What is C. difficile?
C. difficile is an anaerobic, gram-positive bacillus that can exist in two forms: a dormant spore that has a tough protein coat, and a vegetative form that results from spore germination.3 The dormant spore is the infectious and transmissible form.4 Exposure to C. difficile spores can result in a C. difficile infection (CDI).
What are the symptoms of a C. difficile infection?
C. difficile can cause illness ranging from mild diarrhea to pseudomembranous colitis to toxic megacolon which is rare but life-threatening complication.5 In all cases, the major symptom of CDI is diarrhea. Mild cases may experience only watery diarrhea, while severe cases can include severe abdominal cramping, blood or pus in the stool, nausea, a swollen abdomen, kidney failure and an increased white blood cell count. Some patients require a colectomy — removal of the colon.6 Severe infection can lead to sepsis and death.7
How does C. difficile spread?
C. difficile is shed from feces. Contaminated environmental surfaces and skin can serve as a reservoir for C. difficile spores.8 Transmission occurs through the fecal-oral route. Spores can be shed by people with active C. difficile infection, as well as by asymptomatic carriers. Studies on the survival of C. difficile on hard surfaces such as those found in the healthcare environment showed that while the vegetative form dies within 24 hours, C. difficile spores can persist for months.9 This long survival period increases the risk of transmission from a contaminated surface that has not been properly cleaned and disinfected.
Why is C. difficile a concern?
C. difficile infections can be life-threatening. The risk of contracting a C. difficile infection increases in the elderly and in patients with previous antibiotic use, gastrointestinal surgery, immunocompromising conditions, and long stays in healthcare settings such as hospitals and nursing homes. About 1 in 6 patients who get a C. difficile infection will get it again within 2 to 8 weeks of initial infection.10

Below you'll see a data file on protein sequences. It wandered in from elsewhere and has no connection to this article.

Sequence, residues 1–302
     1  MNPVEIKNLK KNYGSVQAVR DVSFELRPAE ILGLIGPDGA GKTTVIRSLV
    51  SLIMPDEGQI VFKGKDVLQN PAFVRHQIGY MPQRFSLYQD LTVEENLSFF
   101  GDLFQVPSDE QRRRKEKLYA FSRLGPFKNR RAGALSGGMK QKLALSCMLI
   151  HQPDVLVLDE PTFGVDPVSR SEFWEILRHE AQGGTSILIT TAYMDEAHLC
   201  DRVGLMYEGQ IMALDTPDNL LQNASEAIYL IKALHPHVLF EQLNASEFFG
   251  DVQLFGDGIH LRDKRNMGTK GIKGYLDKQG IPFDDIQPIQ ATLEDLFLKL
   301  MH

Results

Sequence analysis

C. difficile Infection Control Measures
The CDC recommends the following steps for CDI prevention in healthcare:8
- Antibiotic stewardship: A program that promotes the appropriate use of antimicrobials11.
- Hand hygiene: Practice hand hygiene using soap and water; alcohol-based hand sanitizers do not inactivate C. difficile.
- Isolation: Rapidly identify and isolate patients with CDI in a private room. Dedicate equipment, as able, to the infected patient’s room.
- Diagnostic stewardship: Appropriate testing (e.g., test when indicated such as unexplained diarrhea).
- Personal Protective Equipment (PPE): Wear gloves and gowns when caring for C. difficile patients.
- Cleaning & disinfection: Clean CDI patient rooms daily and on discharge with an EPA-registered disinfectant with claims against C. difficile spores
- Interfacility communication: When a C. difficile patient transfers between facilities along the continuum of care, notify the receiving facility of the infection.